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Active and passive cigarette smoke risky for cervical cancer.


Women smokers and women exposed to cigarette smoke face a higher risk of cervical cancer than those not exposed, says a Utah-based study.

The study, led by Martha L. Slattery of the University of Utah School of Medicine in Salt Lake City, compared the history of cigarette smoke exposure and other risk factors of 266 women diagnosed with cervical cancer. The researchers also studied more than 400 women not diagnosed with cervical cancer. Many in the study population were members of the MormonChurch, a denomination that forbids its members to use tobacco. The study was concluded in Utah, the state that houses the world headquarters of the Mormon Church, in order to better differentiate actual smokers from passive smokers.

The study found that those who were smokers during the program were nearly three-and-a-half times more likely to develop cervical cancer than the nonsmokers. Those who had smoked at least a pack of cigarettes a day for five or more years (but were no longer smoking at the time of the research program) were nearly three times more likely to develop cervicalcancer than nonsmokers. And even those who had smoked at least 100 cigarettes during their lifetime were at risk as well: over twice that of nonsmokers. More than half of the women with cervical cancer were smokers, compared with 25 percent of the controls. Passive smoke was also linked with increased cervical cancer risk; women who reported passive smoke exposure for three or more hours a day were nearly three times more likely to be diagnosed with cervical cancer as non-exposed women. Exposure to "a lot" of passive smoke in the home or office doubled their risk of developing cervical cancer.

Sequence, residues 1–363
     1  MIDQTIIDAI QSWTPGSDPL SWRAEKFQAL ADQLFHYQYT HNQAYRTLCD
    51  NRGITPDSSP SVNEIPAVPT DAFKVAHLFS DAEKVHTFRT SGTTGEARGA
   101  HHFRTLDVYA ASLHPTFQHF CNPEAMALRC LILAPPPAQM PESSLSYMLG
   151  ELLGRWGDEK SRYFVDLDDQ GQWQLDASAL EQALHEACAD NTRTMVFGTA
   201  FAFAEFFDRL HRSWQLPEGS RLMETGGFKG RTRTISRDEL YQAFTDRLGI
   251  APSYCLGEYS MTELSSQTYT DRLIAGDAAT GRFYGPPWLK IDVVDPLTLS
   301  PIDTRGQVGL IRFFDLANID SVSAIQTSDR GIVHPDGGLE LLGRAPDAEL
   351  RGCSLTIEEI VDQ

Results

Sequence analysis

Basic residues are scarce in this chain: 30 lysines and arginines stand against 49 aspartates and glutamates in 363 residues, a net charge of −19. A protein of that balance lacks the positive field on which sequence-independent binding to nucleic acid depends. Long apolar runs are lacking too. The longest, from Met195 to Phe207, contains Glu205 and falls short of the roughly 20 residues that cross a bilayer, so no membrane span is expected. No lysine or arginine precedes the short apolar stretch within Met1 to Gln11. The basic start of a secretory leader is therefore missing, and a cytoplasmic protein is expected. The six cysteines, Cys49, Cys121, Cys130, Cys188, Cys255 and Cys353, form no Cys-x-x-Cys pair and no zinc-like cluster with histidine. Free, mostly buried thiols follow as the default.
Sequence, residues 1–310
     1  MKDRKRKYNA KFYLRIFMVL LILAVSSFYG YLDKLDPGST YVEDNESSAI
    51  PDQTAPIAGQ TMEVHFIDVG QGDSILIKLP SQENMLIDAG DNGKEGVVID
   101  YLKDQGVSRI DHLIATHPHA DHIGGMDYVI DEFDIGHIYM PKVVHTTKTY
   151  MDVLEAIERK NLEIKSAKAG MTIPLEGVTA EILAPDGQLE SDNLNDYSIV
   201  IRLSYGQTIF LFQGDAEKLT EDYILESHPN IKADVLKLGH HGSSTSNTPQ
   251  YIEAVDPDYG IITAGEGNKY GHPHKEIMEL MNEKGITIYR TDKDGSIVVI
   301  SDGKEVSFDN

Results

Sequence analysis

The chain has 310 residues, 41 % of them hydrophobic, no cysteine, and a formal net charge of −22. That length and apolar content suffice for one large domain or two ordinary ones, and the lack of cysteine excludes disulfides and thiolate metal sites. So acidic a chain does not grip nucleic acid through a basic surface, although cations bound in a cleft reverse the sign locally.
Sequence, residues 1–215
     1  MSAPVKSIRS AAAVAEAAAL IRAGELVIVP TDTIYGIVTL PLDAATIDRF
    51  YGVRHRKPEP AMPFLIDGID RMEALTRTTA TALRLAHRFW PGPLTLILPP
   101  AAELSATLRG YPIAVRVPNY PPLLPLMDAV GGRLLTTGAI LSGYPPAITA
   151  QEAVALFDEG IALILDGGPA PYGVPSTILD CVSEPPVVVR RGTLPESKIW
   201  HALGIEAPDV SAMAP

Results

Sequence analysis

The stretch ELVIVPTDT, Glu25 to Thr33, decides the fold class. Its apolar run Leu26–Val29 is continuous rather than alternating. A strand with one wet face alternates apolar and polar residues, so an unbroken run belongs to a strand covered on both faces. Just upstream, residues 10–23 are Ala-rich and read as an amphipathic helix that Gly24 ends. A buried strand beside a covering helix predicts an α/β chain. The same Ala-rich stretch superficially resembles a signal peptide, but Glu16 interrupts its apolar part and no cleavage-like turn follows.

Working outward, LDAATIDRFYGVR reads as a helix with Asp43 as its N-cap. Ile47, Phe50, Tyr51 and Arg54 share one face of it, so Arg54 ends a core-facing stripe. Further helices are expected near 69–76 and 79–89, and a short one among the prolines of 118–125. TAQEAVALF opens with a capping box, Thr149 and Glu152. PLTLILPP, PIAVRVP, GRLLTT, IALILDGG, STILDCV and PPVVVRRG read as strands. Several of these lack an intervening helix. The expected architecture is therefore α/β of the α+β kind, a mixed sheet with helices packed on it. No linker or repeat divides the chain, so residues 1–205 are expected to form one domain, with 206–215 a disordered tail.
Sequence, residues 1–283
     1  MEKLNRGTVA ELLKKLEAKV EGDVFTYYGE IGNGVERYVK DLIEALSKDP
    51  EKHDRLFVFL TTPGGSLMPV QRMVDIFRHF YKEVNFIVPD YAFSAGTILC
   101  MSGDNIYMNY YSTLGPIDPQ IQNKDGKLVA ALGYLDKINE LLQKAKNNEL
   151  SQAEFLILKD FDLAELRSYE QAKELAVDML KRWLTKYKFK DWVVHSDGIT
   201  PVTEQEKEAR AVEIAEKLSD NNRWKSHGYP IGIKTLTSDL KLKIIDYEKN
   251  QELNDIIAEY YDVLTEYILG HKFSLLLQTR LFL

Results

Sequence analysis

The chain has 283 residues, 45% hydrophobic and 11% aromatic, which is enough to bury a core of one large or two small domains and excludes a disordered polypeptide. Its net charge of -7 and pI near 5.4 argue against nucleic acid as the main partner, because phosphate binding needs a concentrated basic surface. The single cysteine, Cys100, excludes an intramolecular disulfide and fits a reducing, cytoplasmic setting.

The recent discovery that high levels of nicotine are found in the cervical mucus of smokers has suggested that cigarette smoke carcinogens might play a direct role in causing the cancer. Although the findings took into account such risk factors as age, marital status, lifetime cigarette usage, limited medical history, and contraceptive use, the study was begun five years ago, before scientists determined that the human papilloma virus was the cervical cancer villain. Because the authors had no accessibility to data about exposure to the papilloma virus, Dr. Peter M. Layde of the Marshfield Medical Research Foundation in Marshfield, Wis., concludes in an accompanying editorial, "The adjusted relative risks presented by Slattery and colleagues likely overestimate the true risk attributable to both active and passive smoking." He adds, "In any case, this is the first epidemiologic evaluation of the role of passive smoking in causing cervical cancer, and hence the findings should be interpreted cautiously, pending confirmation."
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Publication:Medical Update
Date:May 1, 1989
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